Gross new order revenue for the three months ended March 31, 2012 increased $0.6 million to $3.8 million on 20 units as compared to $3.2 million on 10 units for the three months ended March 31, 2011. Net new order revenue for the three months ended March 31, 2012 increased $0.8 million to $3.8 million on 20 units as compared to $3.0 million on 9 units for the three months ended March 31, 2011. Average gross new order revenue per unit for three months ended March 31, 2012 decreased $130,000 to $190,000, as compared to $320,000 for the three months ended March 31, 2011. The decrease is related directly to the unit mix of units settled. For the three months ended March 31, 2012, gross new orders totaled 19 units at Penderbrook and one unit at Eclipse, as compared to six units at Penderbrook and four units at Eclipse for the three months ended March 31, 2011.

We have two Washington, D.C. condominium projects where we have units available for sale and for rent: Penderbrook Square in Fairfax, VA and the Eclipse at Potomac Yard in Arlington, VA. Therefore, we were only able to generate orders and backlog at the two condominium projects in the first three months of 2012. Because our unit sales are generated from completed inventory we do not need to construct units after a sales contract is executed with a unit purchaser. As a result we are able to quickly execute on a sales contract and deliver the unit to the purchaser. Typically, unit deliveries are made within thirty days of contract execution. As a result, we do not tend to generate significant order backlog. At March 31, 2012, we had 6 units in backlog to generate revenue of $1.2 million.

Revenue – homebuilding

The number of homes delivered for the three months ended March 31, 2012 increased to 17 as compared to seven homes for the three months ended March 31, 2011. Average revenue per home delivered decreased by approximately $244,000 to $187,000 for the three months ended March 31, 2012 as compared to $431,000 for the three months ended March 31, 2011. Revenue from homebuilding increased by $0.2 million to $3.2 million for the three months ended March 31, 2012 as compared to $3.0 million for the three months ended March 31, 2011 as a result of the increase in the number of homes settled, offset by the unit mix of units sold. For the three months ended March 31, 2012, 16 units were settled at Penderbrook and one unit at Eclipse, as compared to two units at Penderbrook and five at Eclipse for the three months ended March 31, 2011.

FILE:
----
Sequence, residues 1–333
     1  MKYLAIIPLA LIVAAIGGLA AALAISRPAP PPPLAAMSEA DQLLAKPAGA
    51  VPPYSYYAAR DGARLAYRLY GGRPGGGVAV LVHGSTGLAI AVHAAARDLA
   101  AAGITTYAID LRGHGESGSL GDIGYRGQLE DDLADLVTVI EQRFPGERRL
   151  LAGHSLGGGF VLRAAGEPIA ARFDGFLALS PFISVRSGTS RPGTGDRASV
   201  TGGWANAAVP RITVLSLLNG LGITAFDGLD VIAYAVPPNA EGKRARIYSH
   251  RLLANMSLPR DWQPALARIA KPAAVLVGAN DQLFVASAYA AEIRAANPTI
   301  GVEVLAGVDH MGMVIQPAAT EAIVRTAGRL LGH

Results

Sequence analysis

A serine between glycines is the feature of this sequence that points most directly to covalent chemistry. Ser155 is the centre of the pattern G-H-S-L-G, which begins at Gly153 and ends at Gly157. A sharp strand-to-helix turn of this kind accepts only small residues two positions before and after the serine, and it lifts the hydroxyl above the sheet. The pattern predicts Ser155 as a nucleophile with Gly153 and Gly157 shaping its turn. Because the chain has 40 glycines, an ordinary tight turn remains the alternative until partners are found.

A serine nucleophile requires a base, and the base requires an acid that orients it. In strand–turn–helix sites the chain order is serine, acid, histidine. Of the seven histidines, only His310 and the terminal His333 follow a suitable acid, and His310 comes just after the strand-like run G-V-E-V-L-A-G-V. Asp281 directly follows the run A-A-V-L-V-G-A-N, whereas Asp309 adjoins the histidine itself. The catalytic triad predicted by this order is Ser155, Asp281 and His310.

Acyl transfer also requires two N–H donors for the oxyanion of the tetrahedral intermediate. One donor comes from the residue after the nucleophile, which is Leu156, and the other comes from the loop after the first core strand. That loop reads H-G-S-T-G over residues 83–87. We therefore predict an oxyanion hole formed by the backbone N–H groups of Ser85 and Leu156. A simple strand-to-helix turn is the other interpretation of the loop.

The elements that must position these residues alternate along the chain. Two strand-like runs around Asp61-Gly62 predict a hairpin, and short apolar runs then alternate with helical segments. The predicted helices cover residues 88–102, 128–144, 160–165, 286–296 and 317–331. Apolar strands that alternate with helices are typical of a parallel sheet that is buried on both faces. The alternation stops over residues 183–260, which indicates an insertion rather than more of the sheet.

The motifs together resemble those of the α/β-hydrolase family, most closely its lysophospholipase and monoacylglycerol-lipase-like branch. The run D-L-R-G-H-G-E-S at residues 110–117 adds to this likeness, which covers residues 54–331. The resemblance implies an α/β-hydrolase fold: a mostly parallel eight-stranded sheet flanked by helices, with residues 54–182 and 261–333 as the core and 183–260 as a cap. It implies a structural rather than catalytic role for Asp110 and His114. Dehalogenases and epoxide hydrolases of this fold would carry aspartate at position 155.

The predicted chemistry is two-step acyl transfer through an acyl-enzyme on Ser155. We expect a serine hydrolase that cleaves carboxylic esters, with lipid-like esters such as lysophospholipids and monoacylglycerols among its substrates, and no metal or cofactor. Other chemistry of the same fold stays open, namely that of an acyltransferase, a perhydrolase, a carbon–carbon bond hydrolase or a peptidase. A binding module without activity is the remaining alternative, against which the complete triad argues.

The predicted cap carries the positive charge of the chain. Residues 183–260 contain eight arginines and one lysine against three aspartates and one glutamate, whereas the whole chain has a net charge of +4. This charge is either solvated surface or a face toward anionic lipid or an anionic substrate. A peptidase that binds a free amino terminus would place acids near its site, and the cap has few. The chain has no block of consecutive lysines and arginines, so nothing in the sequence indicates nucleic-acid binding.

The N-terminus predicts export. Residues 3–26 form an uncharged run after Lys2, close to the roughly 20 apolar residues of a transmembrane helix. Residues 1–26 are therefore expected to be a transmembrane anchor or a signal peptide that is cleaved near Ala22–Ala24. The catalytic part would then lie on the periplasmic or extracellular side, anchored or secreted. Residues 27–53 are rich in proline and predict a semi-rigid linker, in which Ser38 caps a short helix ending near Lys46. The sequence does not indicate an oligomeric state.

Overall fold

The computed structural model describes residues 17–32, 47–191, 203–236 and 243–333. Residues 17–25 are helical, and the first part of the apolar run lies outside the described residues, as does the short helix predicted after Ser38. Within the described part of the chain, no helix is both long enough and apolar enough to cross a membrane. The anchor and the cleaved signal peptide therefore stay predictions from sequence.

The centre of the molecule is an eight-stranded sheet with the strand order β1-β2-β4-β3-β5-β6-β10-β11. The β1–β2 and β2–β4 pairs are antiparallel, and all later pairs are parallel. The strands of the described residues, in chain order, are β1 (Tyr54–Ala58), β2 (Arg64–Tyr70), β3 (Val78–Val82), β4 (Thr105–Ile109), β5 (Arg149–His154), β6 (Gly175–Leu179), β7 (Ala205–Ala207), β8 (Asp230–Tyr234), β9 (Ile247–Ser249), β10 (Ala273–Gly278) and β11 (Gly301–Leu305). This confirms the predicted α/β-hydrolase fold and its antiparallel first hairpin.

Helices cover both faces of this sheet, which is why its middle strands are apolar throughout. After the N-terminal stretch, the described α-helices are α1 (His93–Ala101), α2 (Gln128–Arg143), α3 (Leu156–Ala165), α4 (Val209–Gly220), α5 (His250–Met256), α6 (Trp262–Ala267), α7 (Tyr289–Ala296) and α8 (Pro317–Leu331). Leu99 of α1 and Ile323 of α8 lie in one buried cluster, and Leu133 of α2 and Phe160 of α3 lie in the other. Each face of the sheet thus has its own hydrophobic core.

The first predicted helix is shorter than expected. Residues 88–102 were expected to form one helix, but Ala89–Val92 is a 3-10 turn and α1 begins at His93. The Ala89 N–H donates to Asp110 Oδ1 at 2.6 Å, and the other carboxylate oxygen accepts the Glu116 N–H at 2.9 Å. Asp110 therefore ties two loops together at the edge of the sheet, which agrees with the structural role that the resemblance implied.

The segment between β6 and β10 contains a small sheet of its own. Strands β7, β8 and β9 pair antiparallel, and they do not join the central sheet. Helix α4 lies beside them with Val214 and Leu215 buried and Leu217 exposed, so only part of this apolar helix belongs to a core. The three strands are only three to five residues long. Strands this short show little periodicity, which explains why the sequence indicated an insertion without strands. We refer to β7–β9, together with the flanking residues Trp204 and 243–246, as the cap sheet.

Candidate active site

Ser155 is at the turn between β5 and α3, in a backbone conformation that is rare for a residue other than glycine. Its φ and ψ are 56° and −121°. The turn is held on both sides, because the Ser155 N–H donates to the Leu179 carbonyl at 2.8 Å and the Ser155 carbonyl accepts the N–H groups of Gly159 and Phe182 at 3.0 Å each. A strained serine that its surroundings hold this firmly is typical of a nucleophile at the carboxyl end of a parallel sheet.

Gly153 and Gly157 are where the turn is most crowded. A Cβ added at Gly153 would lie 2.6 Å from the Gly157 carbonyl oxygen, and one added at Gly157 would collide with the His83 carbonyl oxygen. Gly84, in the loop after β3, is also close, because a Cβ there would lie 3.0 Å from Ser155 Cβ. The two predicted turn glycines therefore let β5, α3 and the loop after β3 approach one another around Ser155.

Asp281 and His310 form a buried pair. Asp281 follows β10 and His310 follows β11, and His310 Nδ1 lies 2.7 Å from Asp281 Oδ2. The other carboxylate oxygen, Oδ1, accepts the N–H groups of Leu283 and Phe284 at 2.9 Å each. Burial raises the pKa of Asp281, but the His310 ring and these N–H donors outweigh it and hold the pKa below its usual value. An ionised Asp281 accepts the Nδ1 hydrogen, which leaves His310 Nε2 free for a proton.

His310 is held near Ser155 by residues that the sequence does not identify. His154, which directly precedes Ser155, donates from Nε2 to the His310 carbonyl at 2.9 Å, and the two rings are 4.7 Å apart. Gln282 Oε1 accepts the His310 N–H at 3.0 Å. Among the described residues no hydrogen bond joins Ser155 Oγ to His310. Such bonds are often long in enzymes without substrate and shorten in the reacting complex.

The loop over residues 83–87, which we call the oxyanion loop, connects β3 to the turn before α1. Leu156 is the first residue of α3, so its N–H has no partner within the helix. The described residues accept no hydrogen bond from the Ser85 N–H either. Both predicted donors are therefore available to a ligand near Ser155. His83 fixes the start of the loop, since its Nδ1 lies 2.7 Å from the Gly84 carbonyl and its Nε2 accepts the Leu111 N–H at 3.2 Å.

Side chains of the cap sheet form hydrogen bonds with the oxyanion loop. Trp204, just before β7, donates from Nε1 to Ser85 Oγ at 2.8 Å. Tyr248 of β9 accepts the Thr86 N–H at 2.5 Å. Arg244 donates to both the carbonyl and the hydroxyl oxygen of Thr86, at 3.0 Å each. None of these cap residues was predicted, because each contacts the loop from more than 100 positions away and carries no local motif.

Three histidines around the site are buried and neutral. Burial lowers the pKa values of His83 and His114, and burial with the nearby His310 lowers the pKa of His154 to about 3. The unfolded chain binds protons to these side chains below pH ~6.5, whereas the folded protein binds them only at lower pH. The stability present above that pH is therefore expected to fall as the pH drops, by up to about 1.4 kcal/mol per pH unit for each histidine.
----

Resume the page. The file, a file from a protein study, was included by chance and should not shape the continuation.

Revenue – other

Revenue-other decreased approximately $0.8 million to $0.8 million during the three months ended March 31, 2012, as compared to $1.6 million for the three months ended March 31, 2011. Included in the 2012 revenue was approximately $0.6 million of general contracting revenue. The Company undertakes short-term general contracting projects and recognizes revenue and gross profit on a percentage of completion basis. The balance of the revenue-other relates to approximately $0.2 million arising from rental operations at our Penderbrook and Eclipse communities. The decline in rental revenue over the periods is attributable to a reduced number of units available for rental as a result of continuing sales at these communities.

 

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Cost of sales – homebuilding

Cost of sales – homebuilding for the three months ended March 31, 2012 increased by $0.1 million, to $2.8 million as compared to $2.7 million for the three months ended March 31, 2011. The unit mix of homes settled during the quarter accounted for the increase in the aggregate cost of sales figure. For the three months ended March 31, 2012, 16 units were settled at Penderbrook and one unit at Eclipse, as compared to two units at Penderbrook and five at Eclipse for the three months ended March 31, 2011.

Cost of sales – other

Cost of sales – other decreased approximately $0.2 million to $1.1 million during the three months ended March 31, 2012 as compared to $1.3 million in the three months ended March 31, 2011. For the three months ended March 31, 2012, costs and gross profits totaled approximately $509 and $80, respectively related to our aforementioned general contracting projects. For the three months ended March 31, 2012, costs and gross profits (losses) totaled $555 and ($395), respectively, related to rental operations at Penderbrook and Eclipse. As a result of the continued absorption of the condominium units at Penderbrook and Eclipse, the number of units has been reduced to 23 and 26 respectively as of March 31, 2012. For the same period in 2011, rental units remaining for Penderbrook and Potomac were 66 and 39 respectively. Consequently, rental revenues have declined and the impact of fixed costs on gross profit has been more significant. Additionally, an increase in repairs and maintenance costs of $259, net of decreases related to home owners’ association fees and other costs has contributed to the increase in costs and gross profit decline. The Company expects this trend to continue as the final units within the two remaining condominium projects are absorbed.